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Editorial | Our View

Tent cities for homeless could be stopgap solution

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Tent cities are not the best solution for the homeless. A lot of people argue, persuasively, that they’re not even very good solutions, raising more concerns than casual campsites would. They are for people who are trying to maintain routines of school and work, so they can’t be too isolated, and ongoing security, sanitation and water needs would have to be addressed.

But homelessness on Oahu has reached the point at which even an imperfect idea should be pursued for what it might add to the social safety net.

At this point it’s wise that the city administration is maintaining focus on a more traditional solution, maximizing the help that homeless shelters provide. On Aug. 9, a new shuttle service will link four Kalaeloa shelters with the Kapolei transit center, enabling shelter residents to go about their day’s business. This was an important, if incremental step toward reckoning with the homeless as members of the community rather than people to be kept out of sight and mind.

What’s needed now is the involvement of public and private partners to confront the reality that the existing shelters and programs can’t address the full scope of the problem, which has led to camping on beaches. New laws correctly are in place to keep tents from overtaking public parks, a prohibition that should be expanded to other city properties, as the administration has recently proposed. Parks must be maintained for the use of the general public, period.

But if people are shooed from the parks and there is nowhere else to go, they will improvise. Uncontrolled tent cities have sprung up with or without permission, creating potential problems with trash, sanitation and security.

It would be far better for limited "safe zones" to be set up purposefully and with adequate regulation, so that people ejected from public places might have another place to go.

Although city and state governments should have a role in this, particularly where security provisions are concerned, a tent city is far from a simple solution and will bring costs that government can’t bear alone. A cooperative venture with private partners would be needed to make it sustainable—and, if the economy remains fragile for the foreseeable future, it will need to remain a viable option for some time.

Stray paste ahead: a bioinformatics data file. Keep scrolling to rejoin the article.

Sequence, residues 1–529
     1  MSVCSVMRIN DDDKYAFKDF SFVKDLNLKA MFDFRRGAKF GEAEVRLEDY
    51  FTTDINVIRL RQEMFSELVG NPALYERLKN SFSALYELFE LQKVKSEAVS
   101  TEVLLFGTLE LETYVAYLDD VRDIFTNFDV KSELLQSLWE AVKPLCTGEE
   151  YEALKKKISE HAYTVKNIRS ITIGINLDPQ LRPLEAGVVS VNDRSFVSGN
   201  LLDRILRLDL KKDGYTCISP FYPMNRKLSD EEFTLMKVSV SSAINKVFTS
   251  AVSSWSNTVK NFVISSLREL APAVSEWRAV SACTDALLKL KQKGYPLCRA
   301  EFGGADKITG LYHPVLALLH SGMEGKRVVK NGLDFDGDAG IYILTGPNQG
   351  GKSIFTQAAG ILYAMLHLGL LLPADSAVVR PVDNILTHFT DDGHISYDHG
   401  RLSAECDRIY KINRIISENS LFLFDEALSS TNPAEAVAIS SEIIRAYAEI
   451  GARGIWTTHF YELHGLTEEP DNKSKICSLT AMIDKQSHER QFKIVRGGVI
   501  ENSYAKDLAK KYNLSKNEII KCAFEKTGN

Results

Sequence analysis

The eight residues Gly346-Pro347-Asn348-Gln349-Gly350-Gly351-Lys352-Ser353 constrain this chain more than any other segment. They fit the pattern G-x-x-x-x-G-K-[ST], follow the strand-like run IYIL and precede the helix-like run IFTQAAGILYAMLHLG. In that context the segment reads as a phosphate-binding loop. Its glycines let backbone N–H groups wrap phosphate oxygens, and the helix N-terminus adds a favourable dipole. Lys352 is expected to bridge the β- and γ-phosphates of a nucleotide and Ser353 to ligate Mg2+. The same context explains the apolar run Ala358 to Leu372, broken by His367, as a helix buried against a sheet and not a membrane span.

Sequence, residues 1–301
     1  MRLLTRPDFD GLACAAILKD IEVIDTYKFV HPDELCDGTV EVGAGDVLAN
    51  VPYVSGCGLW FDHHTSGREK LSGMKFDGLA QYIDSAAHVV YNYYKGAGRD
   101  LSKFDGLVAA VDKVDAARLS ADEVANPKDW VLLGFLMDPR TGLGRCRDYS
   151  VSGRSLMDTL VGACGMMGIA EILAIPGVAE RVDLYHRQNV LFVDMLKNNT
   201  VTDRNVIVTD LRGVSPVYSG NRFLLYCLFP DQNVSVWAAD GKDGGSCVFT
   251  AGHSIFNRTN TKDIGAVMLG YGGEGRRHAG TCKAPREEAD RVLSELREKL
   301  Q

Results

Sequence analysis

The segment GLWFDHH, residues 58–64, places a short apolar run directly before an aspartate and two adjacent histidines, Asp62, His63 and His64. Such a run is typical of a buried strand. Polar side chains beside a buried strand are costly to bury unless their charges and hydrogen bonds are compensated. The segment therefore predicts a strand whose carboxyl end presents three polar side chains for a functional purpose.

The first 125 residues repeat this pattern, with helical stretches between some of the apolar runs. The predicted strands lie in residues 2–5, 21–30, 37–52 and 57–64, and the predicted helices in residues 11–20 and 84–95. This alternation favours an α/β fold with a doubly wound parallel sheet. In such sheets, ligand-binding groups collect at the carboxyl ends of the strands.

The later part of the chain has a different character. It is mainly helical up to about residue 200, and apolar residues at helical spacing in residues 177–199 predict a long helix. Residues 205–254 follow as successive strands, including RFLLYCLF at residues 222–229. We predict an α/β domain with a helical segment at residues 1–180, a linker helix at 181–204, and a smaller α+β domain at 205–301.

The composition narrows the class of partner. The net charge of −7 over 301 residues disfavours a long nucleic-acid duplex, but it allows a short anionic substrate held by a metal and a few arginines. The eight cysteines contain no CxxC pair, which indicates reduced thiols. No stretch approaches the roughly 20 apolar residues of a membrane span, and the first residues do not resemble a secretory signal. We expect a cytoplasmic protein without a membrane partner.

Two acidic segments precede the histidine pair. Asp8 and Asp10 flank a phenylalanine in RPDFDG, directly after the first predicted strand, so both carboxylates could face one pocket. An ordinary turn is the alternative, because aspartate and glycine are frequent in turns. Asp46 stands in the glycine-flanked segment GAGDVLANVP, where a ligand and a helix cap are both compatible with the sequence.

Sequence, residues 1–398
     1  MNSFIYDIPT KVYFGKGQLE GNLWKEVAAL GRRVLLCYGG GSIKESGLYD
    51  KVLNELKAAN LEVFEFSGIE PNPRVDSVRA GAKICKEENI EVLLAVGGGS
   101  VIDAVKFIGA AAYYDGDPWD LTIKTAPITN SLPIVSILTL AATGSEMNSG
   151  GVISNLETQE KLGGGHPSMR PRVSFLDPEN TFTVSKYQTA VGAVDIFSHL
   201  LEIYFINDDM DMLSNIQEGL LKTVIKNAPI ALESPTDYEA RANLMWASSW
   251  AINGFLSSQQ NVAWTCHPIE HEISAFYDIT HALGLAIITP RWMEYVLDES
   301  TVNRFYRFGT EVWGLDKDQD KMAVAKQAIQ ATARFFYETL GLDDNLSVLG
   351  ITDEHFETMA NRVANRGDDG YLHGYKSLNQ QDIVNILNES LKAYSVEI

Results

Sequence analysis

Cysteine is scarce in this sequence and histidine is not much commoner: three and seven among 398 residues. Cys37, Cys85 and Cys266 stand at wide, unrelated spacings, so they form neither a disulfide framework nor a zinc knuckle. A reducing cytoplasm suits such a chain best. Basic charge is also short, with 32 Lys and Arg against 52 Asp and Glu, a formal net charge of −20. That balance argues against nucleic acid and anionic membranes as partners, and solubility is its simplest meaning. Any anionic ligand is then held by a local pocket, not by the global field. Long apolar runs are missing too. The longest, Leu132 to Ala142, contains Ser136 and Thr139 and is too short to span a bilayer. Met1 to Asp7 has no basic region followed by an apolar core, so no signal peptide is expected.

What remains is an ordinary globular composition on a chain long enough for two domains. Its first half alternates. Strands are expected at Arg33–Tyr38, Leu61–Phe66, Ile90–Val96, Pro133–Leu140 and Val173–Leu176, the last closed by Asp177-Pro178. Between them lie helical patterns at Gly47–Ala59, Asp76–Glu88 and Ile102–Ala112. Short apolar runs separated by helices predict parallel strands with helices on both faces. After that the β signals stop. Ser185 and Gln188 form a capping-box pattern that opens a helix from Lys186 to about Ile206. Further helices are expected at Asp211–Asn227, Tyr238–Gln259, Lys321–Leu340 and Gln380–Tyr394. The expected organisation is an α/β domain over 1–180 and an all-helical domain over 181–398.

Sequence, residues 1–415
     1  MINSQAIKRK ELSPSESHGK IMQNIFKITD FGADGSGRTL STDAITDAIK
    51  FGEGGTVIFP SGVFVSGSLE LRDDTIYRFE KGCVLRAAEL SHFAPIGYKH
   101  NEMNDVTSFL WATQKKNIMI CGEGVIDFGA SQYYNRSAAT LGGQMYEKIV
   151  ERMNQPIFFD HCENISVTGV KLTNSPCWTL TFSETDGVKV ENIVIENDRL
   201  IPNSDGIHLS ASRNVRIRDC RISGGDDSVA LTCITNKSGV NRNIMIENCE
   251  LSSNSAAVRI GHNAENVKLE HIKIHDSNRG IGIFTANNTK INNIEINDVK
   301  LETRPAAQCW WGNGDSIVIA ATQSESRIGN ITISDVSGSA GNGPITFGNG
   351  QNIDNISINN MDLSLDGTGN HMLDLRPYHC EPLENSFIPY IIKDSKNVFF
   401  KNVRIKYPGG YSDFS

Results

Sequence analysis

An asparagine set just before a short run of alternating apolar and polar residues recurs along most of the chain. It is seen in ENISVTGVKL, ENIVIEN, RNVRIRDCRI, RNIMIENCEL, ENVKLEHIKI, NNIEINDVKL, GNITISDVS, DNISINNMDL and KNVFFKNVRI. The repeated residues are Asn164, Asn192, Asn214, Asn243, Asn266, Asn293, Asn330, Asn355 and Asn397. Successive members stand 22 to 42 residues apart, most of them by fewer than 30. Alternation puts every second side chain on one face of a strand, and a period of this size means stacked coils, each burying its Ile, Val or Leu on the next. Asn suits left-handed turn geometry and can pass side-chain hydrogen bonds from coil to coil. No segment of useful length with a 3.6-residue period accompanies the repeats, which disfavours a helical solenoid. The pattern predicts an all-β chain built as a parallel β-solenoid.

The National Coalition for the Homeless published a report on tent cities in March. A survey of West Coast safe zones showed that successful models often involved participation of churches or other private entities that can contribute land and services. Some tent cities rotate among various locations for limited periods. All are options to be explored. On Oahu, land is at a premium and a suitable camp site may be off the beaten track, but finding ways to connect working families with the grid of workplaces and schools will be essential.

In the waning days of his administration, former Mayor Mufi Hannemann indicated some interest in this partnership approach. It ought to be a point of discussion during the coming mayoral and gubernatorial campaigns.

Since the dissolution of the municipal housing department in 1998, the city has leaned on the state to take the lead on the homeless issue. In fact, the city, state and private community each owns a piece of this problem. Clearly the provision of some safety net for the neediest citizens is a broad government concern, and the community at large has a vested interest in its success.

 

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